Brooklyn Nets star Spencer Dinwiddie recently started a Spencer Dinwiddie GoFundMe page with a goal of $24,632,600. He asked fans to make the Spencer Dinwiddie GoFundMe page reach its goal, after which he would join a team of their choice with a one-year contract with a minimum salary. In September last year, he had tried converting his contracting into an investment opportunity. The NBA had declined his idea.
Nets guard Spencer Dinwiddie (@SDinwiddie_25) says he will sign a one-year deal with the NBA team fans decide if they reach Bitcoin target of roughly $24,632,630 on a GoFundMe. Dinwiddie’s statement: pic.twitter.com/oebwkoFBEO— Shams Charania (@ShamsCharania) May 16, 2020
In his note, Dinwiddie explained why he wants fans to help him. He stated that the current 2625.8 BTC is somewhat equivalent to $24,632,630 USD. If they hit the target, he would let his fans decide his next team for him where he will sign a one-year contract. He added that if the target is not met, he will donate everything to charity. He added that fan engagements come in all shapes and sizes, so he wants everyone to have fun.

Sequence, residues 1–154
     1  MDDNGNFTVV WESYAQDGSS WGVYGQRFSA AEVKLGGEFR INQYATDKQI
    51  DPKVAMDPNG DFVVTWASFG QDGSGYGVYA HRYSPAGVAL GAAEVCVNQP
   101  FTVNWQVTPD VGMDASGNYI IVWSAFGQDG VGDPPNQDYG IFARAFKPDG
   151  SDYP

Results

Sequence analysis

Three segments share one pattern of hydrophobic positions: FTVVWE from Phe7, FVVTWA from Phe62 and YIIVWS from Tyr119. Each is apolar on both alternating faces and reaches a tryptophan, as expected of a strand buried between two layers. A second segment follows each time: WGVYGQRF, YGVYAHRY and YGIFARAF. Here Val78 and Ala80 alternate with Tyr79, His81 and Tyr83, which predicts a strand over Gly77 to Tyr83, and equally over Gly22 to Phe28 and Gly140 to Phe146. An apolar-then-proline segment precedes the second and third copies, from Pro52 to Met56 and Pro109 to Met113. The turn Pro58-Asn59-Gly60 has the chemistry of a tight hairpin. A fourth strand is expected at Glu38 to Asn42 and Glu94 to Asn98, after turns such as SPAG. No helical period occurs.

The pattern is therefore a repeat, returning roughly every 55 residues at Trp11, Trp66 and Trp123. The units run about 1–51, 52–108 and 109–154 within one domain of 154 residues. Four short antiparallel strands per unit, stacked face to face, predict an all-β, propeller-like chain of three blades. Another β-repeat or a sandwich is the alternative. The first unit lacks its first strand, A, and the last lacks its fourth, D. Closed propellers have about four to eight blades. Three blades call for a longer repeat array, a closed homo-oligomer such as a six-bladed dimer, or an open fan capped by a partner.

I’ll double down. Y’all crowdfund 2625.8 btc I’ll sign a minimum contract for my next deal with the team that y’all vote for 🤣— Spencer Dinwiddie (@SDinwiddie_25) May 14, 2020
I’ll give y’all a month to make it happen lol https://t.co/pV8vGyW0s8
Democratizing Team choice seems fair.— Spencer Dinwiddie (@SDinwiddie_25) May 15, 2020
Taking the minimum is solely to help the roster construction and add talent. Ppl always take discounts to build super teams.
I view this as an endorsement and fan engagement.
Let’s see what the CBA says 🤣 https://t.co/2L6tUVbP73
While many assumed that Dinwiddie was being sarcastic, actually doing so might violate terms from the Collective Bargaining Agreement (CBA). If the crowd funds his contract, a team might be able to afford a player which they normally cannot and will be a 'circumvention'. As per the NBA's official definition of circumvention, the league can reject deals that might not be illegal but still somehow violate the spirit of those rules.
Dinwiddie's offer actually violates the CBA's Section 1(b), which states that no third party can pay for basketball services. This will also violate Sections 2(a) and 2(b), which state that one cannot decide contracts beforehand. While Dinwiddie is not deciding with a team in advance, he is making an agreement with the third party.